Richard Joel, center, president of Yeshiva University and former president and international director of Hillel, presented Chief Visionary awards to Mark and Jane Wilf of Livingston, left, and Audrey and Zygi Wilf of Springfield during the May 28 Rutgers Hillel dinner.
Photos by Debra Rubin
June 5, 2008
Rutgers Hillel celebrated its future expansion and its role as a center for Jewish life during a dinner that drew more than 300 people to the Douglass Campus in New Brunswick.
The May 28 dinner honored Audrey and Zygi Wilf of Springfield and Jane and Mark Wilf of Livingston for their lead $2 million gift for the capital campaign funding a new Rutgers Hillel student center.
Also honored was Richard Corman of Westfield for his years of service to Hillel and the Jewish community.
Wayne Firestone, president of Hillel International, said the “passion and utter pride in being Jewish” on the Rutgers campus “made it one of the most exciting places to be Jewish in the entire country.”
Rutgers Hillel executive director Andrew Getraer told the gathering that the organization plays a vital role in the lives of many of the university’s 5,000 Jewish students by providing a haven where all religious streams feel comfortable.
“We now have one of the largest and strongest Orthodox Jewish communities in America,” said Getraer, in addition to communities representing the other major movements.
Getraer noted that Hillel president Avi Smolen of New Milford recently received a Rutgers Outstanding Student Celebration and Recognition award as outstanding student leader at the university.
Hillel itself received several awards, including the ROSCAR for outstanding annual program for its Days Without Hate, a campus-wide program promoting diversity. This year’s program, organized by Smolen and Emily Kaufman of Middletown, drew more than 2,000 participants.
Also voted as outstanding collaborative program was “From Swastika to Jim Crow: Black-Jewish Dialogue,” cosponsored with the Black Students Union.
Additionally, Rabbi Esther Reed, Rutgers Hillel’s associate director for Jewish campus life, this year received Hillel International’s highest professional honor, the Richard Joel Exemplar of Excellence Award.
Rising Star student awards were given out at the dinner to Michelle Rosenberg of West Orange, Covey Schnipper of Fair Lawn, Eytan Morgenstern of Montgomery, Ala., and Jillian Schlanger of New City, NY.
Rutgers University president Richard McCormick said Hillel has “a vital place in the life of Rutgers University.”
“It is one of our most important and greatest student organizations,” whose members have “helped shape student leadership on campus,” he said.
Rutgers Hillel executive director Andrew Getraer, left, chats with Michelle Rosenberg of West Orange, who received a Rising Star student award; Wayne Firestone, president of Hillel International; and Sam Master of Teaneck, student president of Hillel’s Orthodox community.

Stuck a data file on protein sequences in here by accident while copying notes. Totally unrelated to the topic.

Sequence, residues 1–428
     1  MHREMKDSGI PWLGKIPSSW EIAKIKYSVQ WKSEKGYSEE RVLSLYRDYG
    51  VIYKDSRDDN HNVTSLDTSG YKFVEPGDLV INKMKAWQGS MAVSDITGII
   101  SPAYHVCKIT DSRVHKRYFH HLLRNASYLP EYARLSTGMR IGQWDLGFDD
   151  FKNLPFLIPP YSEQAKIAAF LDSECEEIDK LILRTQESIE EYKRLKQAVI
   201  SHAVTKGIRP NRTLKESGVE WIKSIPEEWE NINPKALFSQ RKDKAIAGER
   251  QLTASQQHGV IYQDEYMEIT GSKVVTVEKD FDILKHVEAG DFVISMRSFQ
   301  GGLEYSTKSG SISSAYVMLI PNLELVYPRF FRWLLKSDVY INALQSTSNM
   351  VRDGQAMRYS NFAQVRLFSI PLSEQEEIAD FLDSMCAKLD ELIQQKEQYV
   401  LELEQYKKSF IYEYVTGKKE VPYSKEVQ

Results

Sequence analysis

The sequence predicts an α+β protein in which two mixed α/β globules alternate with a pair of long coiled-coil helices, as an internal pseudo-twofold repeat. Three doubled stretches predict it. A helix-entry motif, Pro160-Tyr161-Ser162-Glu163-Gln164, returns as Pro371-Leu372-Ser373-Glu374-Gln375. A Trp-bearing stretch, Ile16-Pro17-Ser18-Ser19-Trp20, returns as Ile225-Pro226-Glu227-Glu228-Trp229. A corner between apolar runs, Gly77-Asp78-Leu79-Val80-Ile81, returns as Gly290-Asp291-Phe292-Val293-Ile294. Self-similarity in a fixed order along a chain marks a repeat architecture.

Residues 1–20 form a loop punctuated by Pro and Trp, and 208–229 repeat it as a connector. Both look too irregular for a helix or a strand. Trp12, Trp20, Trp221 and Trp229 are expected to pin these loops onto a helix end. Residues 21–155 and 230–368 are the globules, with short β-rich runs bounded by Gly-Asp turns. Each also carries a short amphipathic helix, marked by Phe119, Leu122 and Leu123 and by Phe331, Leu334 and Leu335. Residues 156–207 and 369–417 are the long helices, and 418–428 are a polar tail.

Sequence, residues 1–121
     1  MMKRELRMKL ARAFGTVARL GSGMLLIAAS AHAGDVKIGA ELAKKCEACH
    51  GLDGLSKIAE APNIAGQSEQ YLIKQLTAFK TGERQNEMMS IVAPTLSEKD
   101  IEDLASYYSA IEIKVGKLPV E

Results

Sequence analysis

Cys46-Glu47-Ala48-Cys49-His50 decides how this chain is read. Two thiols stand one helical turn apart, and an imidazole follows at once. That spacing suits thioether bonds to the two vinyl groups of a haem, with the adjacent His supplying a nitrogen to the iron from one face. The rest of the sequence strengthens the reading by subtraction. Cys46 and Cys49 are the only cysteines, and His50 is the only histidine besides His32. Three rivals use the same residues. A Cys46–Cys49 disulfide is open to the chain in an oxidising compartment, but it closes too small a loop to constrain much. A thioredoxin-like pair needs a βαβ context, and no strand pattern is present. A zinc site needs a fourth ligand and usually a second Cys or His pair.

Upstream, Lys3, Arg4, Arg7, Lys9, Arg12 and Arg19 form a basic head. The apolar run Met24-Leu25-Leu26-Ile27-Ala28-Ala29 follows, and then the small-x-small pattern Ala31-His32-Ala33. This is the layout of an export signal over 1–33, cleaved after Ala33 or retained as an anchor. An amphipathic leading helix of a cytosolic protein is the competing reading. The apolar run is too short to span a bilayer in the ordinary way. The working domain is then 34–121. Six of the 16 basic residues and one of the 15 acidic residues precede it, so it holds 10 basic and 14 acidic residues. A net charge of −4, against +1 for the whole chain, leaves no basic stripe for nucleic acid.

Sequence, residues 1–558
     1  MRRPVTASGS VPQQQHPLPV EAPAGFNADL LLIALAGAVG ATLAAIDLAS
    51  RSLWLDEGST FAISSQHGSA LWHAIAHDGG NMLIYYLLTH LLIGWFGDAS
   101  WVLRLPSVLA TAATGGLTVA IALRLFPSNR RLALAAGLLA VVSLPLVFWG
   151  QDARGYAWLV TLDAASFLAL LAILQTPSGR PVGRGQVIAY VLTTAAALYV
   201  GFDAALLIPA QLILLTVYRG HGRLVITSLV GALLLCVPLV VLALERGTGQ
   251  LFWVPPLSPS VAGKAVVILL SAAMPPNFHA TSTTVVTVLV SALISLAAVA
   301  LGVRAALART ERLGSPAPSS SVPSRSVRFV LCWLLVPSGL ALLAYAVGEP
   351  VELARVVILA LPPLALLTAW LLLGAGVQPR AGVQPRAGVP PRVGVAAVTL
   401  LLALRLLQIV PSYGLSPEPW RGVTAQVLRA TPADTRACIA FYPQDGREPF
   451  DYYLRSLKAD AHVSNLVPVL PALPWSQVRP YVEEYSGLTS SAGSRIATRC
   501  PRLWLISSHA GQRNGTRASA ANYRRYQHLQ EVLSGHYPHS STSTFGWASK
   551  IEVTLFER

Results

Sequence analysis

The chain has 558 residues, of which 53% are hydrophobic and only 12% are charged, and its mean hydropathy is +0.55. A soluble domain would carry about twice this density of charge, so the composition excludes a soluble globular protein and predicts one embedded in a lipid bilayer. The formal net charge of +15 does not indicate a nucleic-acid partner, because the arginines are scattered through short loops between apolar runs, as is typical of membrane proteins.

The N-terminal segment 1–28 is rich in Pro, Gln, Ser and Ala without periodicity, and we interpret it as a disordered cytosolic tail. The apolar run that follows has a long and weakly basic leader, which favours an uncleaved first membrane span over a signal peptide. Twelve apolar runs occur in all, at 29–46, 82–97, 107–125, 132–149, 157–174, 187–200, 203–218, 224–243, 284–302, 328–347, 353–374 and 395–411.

Joel called the Wilfs “a noble family” whose philanthropy has extended beyond monetary gifts.
“They are role models,” said Joel. “While it is important to invest in philanthropy, investment of yourselves is also important.”
Audrey Wilf said her family had always taken up the challenge “to resist complacency and build a better world.”
“Rutgers Hillel provides such meaningful Jewish experiences,” said Mark Wilf. “We’ve been impressed by how it’s grown and how it serves the entire state.”
Corman, a former board director at Rutgers Hillel, is chief operating officer of the Manhattan Jewish Experience and former executive director of the Jewish Community Center of Central New Jersey in Scotch Plains. He cited the impact Hillel has made on him from his days as a student throughout his adult life. His own sons met their wives at Hillel and gained such an intense connection to Israel that both made aliya.
“Hillel transformed my life,” said Corman.
He took note of the irony that he was receiving a Rabbi Julius Funk Alumni Award, named for the man who set him on his career path. Funk, who served as Rutgers Hillel’s director from its founding in 1943 until 1982, died in 2006.
“Rabbi Funk said to me, ‘Have you ever considered serving the Jewish community?’” recalled Corman. “‘I think you’d be good at it.’ Thirty years later I still think of Rabbi Funk and how he took an interest in an individual student.”
Hillel’s capital and endowment campaign, which is chaired by both Wilf couples, is seeking to raise $15 million to build a new headquarters at George Street and Bishop Place to replace Hillel’s cramped College Avenue site.
It has so far brought in about $5 million of that total to build the three-story, 35,000-square-foot facility, according to Getraer.
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